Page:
The legal question everyone should be asking about self-driving cars

What an injury lawyer wants you to know about AI vehicles
Self-driving car
Editor's Note

This article is sponsored by Bergeron Clifford LLP: Personal Injury Lawyers.

 

When he was growing up, Bergeron Clifford lawyer Warren WhiteKnight loved science fiction, and lately his passion is coming in handy at work. 

While teleportation and AI robots once seemed like a scene from the future, today we’re not so far off. That’s why WhiteKnight has been learning everything he can about self-driving cars and the laws surrounding them.

This is good news for the rest of us. Pondering the legal, ethical, and logistical quandaries of autonomous vehicles is unlikely to be a priority for the average person. And that’s a problem for people living in areas with inclement weather like Eastern Ontario.

WhiteKnight says at some point in the future, we’ll have the ability to have nothing but autonomous vehicles on the road. “The questions between now and then are a) do we want that? and b) how do we make legislation work so there is proper, fair and affordable insurance coverage available for everyone?”

WhiteKnight sees two potentially thorny legal issues.

How do you insure a driverless car?

How do you determine fault without a driver? 

I, Algorithm: How do you insure a driverless car?

Right now, cars are operated by drivers (humans). Autonomous vehicles will be operated by an algorithm (AI). 

Insurance companies know how to set premiums when insuring humans. First they assess a driver’s risk with data like demographics. That’s why an 18-year-old male is charged more for car insurance than a 42-year-old woman. Then they set premiums high enough to cover off all of their statistical and likely liabilities so they’ll make a profit.

The problem facing a potential self-driving car owner is there’s no easy mechanism for determining an algorithm’s risk.

“It’s not a given that our current legislation and insurance regimes will work with fleets of autonomous vehicles - in fact I don’t think they will,” said WhiteKnight.

Elon Musk, one of the biggest champions and manufacturers of autonomous vehicles, has already figured this out. You can now insure your self-driving Tesla through Tesla's own insurance company in Oregon, Colorado and Virginia. Tesla monitors driving behaviour in real time and assigns a score based on the results. How this approach would apply to autonomous vehicles isn’t clear, but the shift from using data from the past to data in real time is likely an important one.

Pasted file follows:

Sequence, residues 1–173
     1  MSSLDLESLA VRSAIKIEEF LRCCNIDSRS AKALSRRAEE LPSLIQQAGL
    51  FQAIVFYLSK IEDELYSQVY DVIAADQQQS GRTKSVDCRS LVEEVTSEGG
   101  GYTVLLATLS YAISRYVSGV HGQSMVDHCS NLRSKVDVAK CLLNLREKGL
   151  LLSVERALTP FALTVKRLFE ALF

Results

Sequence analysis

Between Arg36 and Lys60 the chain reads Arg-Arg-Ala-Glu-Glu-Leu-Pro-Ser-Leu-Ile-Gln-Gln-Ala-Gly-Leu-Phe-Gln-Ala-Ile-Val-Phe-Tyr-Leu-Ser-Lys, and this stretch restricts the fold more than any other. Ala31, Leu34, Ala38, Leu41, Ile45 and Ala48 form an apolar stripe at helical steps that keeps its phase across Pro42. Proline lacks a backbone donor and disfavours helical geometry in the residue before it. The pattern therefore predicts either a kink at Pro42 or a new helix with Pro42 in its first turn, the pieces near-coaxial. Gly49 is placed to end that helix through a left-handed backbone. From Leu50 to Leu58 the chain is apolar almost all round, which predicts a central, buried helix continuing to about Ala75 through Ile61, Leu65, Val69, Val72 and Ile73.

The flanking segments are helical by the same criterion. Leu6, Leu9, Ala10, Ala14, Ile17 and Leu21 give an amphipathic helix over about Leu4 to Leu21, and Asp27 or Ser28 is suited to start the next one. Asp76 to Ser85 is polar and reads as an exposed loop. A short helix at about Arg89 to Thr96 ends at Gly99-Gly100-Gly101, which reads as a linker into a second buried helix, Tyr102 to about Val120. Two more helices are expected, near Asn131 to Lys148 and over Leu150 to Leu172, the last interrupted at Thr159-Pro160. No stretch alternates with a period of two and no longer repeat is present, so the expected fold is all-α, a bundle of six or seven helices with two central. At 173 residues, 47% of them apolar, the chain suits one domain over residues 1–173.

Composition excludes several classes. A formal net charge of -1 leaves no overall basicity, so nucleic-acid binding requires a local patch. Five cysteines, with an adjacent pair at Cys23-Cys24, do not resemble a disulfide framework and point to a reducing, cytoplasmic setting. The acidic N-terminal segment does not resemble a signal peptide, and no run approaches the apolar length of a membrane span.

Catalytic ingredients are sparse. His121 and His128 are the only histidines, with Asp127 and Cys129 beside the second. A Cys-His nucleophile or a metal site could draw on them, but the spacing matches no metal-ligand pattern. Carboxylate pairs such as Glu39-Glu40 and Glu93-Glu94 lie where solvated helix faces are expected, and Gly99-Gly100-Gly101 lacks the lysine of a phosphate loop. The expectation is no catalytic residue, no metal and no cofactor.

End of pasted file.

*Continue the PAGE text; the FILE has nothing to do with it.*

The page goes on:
Who’s at fault for an accident when there’s no driver?

Can someone legally hand their personal responsibility over to an algorithm? Probably not.

Let’s say you’ve bought a Tesla, insured it through their company and are ready to hit the road. 

What do you need to know before switching to automatic pilot? The first thing is that by choosing to operate a self-driving car, you may be responsible for what the car does - even if you’re technically not the one driving. The second is that you can’t pop into the back seat for a nap. It’s your job to be monitoring what your car is doing. And third, while you’d think operating a self-driving car isn’t as taxing as driving, it can actually make you sleepy.

WhiteKnight is careful to point out that the average person is likely to assume any vehicle approved by Transport Canada would be safe to use. Why would they need to be responsible for a problem when the technology is supposed to be safe?

This is a conundrum indeed.

Potential solutions

“You can’t regulate a technology you don’t understand,” said WhiteKnight. Meaning governments, insurance companies, and injury lawyers must become subject-matter experts on self-driving technology before attempting to tackle it. Governments have typically found it challenging to regulate internet and social media giants in part due to the complexity of the technology and the business models. 

When attempting to regulate self-driving cars, WhiteKnight fears the government will run into similar issues. “If our goal is to have as many autonomous vehicles as possible because it can be proven that they are safer - why else would we want them - then our legislation and insurance will need to adapt,” he said. “We’re going to need a robust change to our laws.”

If the insurance industry won’t take on the risk to insure self-driving cars, WhiteKnight says there could be a scenario that requires the government to step-in and force them to assume the risk. This could mean creating a compensation fund or auto manufacturers may need to offer an insurance product, like Musk is doing with Tesla. We’ll need assurance that victims of negligence involving self-driving cars will be compensated fairly while the legislation is worked out. 

Critical to making this work are the experts. Any such fund or these new forms of insurance will need to be administered and regulated by people who have enough expertise to understand both the legal landscape and the technology. This could be a tall order. Solving these challenges will require cooperation between legislators, self-driving car manufacturers, the auto insurance industry, and lawyers like WhiteKnight who represent accident victims. 

Bergeron Clifford is ready to play its part 

“In pursuing cases with technological aspects, we regularly hire professional academics and experts,” he said. “We (and I’m sure our judges) are carefully watching some of the early cases in the U.S. where Tesla, Google, and Uber have tested their autonomous driverless cars and lawsuits have followed.” 

Proceeding cautiously is key. “Technology is a tool, but just because it exists doesn’t mean it needs to be used,” said WhiteKnight.

In the end, you can never completely remove human error when using a technology that was created by humans.